Less than a full calendar year has passed since gamers first met and dealt with Joseph Seed, his family members and their Eden’s Gate cult. Now, Ubisoft Montreal has returned with a new entry in the venerable Far Cry series, which acts as a slightly altered follow-up to Far Cry 5. It goes by the name of Far Cry: New Dawn, and is out now for Xbox One, PlayStation 4 and PC.
Now, the questions that many are asking pertain to whether or not Far Cry: New Dawn is a good game, as well as whether it’s worth purchasing less than a year after the last one was released. The answer to both questions is yes, so long as you’re a fan of the series, or this type of game in general. There’s lots of bang for your buck here, especially given that New Dawn retails for slightly less than its predecessor did upon release.
Those who played Far Cry 5 will know about its much talked-about ending. Even if you haven’t, it’s still possible that you’ve heard something about what happened at the end of that game. Far Cry: New Dawn picks up there, before going fifteen or seventeen years into the future. There, it shows the survivors of Hope County, Montana, venturing to the surface from their underground bunker for the first time since the bomb went off. Unsure of what they’ll be greeted with, they take a risk, open the hatch and venture topside.
What those folks are greeted with is a changed world, and one that has mostly regenerated, regrown and beautified itself through natural facilities. Not all of Hope County has come back to life, though, as parts of the region are still completely burned out, irradiated and dangerous. Those parts are obviously to be avoided, and act as a kind of barrier to the game’s available landscape.
What’s most evident is that natural life has found a way to return in a big way. Animals have survived and multiplied in great numbers, as have fish. Grass also covers most of the landscape that isn’t taken up by either crystal clear or muddy ponds, streams and lakes. The most noticeable thing of all, though, is the colour. Not only has Hope County regrown its natural beauty, but it’s been accentuated by an incredible amount of colourful flowers in hues like pink and purple. These dominated the landscape, and make this an even nicer looking game than Far Cry 5 was.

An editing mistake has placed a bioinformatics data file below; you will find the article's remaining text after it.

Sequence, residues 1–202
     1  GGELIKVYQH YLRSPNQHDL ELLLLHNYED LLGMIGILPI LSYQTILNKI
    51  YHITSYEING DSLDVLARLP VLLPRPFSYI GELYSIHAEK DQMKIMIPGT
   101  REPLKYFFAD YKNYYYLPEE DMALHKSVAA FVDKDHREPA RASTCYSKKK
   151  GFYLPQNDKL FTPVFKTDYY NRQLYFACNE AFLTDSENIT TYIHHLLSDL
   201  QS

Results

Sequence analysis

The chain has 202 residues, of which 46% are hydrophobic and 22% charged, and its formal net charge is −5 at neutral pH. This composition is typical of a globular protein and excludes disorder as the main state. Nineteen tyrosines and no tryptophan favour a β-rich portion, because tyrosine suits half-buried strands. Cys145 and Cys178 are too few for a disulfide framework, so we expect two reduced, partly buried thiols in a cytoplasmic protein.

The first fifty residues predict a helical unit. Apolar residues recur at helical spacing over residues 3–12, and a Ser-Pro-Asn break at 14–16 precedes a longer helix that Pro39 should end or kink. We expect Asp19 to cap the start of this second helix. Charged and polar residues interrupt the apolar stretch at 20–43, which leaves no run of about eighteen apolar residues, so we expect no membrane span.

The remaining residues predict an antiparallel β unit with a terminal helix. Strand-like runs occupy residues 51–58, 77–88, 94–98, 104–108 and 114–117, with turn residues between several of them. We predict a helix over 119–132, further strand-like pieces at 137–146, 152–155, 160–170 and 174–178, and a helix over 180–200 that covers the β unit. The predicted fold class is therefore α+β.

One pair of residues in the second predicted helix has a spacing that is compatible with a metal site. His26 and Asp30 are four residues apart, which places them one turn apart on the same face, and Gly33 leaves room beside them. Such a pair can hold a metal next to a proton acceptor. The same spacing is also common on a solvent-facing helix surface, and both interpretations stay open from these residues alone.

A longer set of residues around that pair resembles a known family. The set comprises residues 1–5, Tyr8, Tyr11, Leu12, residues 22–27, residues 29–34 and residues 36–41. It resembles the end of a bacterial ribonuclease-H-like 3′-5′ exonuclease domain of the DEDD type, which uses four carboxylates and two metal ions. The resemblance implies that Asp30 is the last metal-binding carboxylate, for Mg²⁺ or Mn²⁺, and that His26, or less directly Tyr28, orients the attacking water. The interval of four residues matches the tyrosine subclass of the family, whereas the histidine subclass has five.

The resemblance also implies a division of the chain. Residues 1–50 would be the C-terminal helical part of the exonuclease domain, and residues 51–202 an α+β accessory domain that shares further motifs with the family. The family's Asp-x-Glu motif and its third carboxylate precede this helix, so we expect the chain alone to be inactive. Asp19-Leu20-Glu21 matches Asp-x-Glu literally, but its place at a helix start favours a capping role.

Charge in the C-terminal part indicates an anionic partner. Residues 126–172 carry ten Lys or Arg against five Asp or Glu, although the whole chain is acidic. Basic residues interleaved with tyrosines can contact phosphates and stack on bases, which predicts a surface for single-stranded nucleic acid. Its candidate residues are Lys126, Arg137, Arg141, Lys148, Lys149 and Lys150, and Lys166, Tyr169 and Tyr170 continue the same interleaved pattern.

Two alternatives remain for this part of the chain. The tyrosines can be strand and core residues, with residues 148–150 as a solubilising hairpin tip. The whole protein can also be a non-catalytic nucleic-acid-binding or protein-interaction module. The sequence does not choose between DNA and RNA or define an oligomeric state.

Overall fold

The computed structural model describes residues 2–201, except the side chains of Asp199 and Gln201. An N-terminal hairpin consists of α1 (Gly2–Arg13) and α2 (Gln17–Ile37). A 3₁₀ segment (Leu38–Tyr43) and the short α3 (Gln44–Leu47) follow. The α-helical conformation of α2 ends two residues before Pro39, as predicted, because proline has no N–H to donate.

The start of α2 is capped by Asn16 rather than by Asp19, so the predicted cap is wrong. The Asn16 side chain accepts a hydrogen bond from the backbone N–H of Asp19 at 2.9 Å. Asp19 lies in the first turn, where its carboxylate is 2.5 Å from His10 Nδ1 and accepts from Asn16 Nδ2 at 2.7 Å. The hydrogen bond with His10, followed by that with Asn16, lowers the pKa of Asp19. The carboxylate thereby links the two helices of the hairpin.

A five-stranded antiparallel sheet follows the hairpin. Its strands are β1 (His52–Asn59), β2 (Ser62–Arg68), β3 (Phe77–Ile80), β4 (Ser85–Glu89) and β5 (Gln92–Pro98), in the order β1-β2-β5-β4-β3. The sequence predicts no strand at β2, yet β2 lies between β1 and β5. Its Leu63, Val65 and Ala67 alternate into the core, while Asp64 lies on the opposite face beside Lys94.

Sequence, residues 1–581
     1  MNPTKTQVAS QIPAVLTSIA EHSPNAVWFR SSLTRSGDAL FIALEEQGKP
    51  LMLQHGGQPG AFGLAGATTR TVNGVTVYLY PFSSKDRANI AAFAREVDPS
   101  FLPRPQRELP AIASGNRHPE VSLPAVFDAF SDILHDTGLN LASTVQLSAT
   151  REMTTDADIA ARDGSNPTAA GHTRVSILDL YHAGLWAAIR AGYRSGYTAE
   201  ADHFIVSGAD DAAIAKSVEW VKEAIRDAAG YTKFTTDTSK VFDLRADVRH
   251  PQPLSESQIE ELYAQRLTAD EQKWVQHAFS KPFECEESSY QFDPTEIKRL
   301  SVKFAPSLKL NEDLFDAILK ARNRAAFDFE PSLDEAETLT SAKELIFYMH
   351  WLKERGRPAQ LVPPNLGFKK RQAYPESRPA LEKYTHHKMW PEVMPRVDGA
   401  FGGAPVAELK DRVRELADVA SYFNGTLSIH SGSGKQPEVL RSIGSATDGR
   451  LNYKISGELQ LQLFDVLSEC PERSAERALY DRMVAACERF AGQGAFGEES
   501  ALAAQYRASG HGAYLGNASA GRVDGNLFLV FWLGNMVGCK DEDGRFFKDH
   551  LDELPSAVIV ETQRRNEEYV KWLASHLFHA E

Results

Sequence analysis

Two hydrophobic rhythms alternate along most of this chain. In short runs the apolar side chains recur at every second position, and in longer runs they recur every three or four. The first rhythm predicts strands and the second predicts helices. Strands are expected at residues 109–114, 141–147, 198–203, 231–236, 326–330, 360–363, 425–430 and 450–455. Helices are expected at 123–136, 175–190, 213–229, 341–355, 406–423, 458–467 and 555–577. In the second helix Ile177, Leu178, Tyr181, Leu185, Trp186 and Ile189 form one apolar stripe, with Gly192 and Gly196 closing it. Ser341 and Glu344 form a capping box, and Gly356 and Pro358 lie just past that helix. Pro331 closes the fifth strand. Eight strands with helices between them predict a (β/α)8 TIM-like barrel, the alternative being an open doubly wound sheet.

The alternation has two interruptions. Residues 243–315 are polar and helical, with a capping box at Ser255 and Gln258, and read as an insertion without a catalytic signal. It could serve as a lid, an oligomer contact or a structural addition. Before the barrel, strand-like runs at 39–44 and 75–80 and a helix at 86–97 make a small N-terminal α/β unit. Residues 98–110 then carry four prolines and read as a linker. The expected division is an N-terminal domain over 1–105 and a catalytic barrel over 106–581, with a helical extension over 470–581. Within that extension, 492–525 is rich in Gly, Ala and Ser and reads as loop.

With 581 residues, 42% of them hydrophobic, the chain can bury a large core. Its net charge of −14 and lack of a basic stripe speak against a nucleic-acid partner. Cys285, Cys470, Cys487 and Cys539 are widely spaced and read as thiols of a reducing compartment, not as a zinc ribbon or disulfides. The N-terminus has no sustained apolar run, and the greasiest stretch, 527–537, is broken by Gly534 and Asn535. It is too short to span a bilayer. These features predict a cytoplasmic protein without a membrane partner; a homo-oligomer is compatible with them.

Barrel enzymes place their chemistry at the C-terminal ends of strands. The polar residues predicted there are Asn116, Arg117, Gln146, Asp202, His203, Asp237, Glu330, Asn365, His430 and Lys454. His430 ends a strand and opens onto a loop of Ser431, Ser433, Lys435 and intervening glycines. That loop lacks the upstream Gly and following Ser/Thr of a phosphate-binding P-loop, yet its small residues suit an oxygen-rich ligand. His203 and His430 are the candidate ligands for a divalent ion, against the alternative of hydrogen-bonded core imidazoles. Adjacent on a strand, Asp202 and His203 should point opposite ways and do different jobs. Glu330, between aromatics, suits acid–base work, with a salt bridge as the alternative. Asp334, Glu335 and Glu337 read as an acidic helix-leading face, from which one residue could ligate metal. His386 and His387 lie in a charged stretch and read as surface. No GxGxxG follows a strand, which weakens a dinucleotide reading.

It all combines to make Hope County, and its somewhat familiar map, feel different and varied.
Things aren’t all roses, though. In fact, something evil lurks on the surface, and it exists in the form of the Highwaymen. The area’s local chapter, that is, which is headed by two rather evil twin sisters named Mickey and Lou. They’re the big bads you’ll be dealing with here, and they don’t pull many punches.
The general idea here is that, after coming up from below, those who survived the Eden’s Gate apocalypse have found that their good intentions are being taken advantage of by ne’er do wells. Those greedy, ignorant and downright violent Highwaymen have come to the rebuilt civilization that is Prosperity, kidnapped some of its founding members (including Nick Rye) and forced his now grown daughter, Carmina, and wife to search for help.
Well, they’ve found it, in the form of Cap or Captain. That’s the player’s male or female avatar, who can be customized to suit one’s intended visualization. Cap is recruited from a group that is traveling through the area by train, but Carmina’s attempts to secure their help don’t go unnoticed and the shit hits the fan almost immediately.
Once again, this is a very nonverbal character, which I’m not as big on as I used to be. The silent protagonists found in Far Cry 5, and now Far Cry: New Dawn, make me miss Jason Brody and even Ajay Ghale. The design works here, for the most part, but it strips the lead of personality and prevents them from being as memorable as they could’ve been. This series was better when its stories were written around characters that had personality and depth, and felt somewhat real.
For the most part, Far Cry: New Dawn is more of the same Far Cry goodness that fans like myself have loved for a number of years now. It offers a large, open world that is full of not only main missions, but also secondary objectives, collectibles, hunting challenges, super dangerous animals and locations to loot. This includes some of the bunkers that we visited during the last game’s campaign. Things look different, though, and former huts, homes and the like haven’t held up so well over the last seventeen years. In fact, many have been mostly destroyed, grown over or almost knocked to the ground.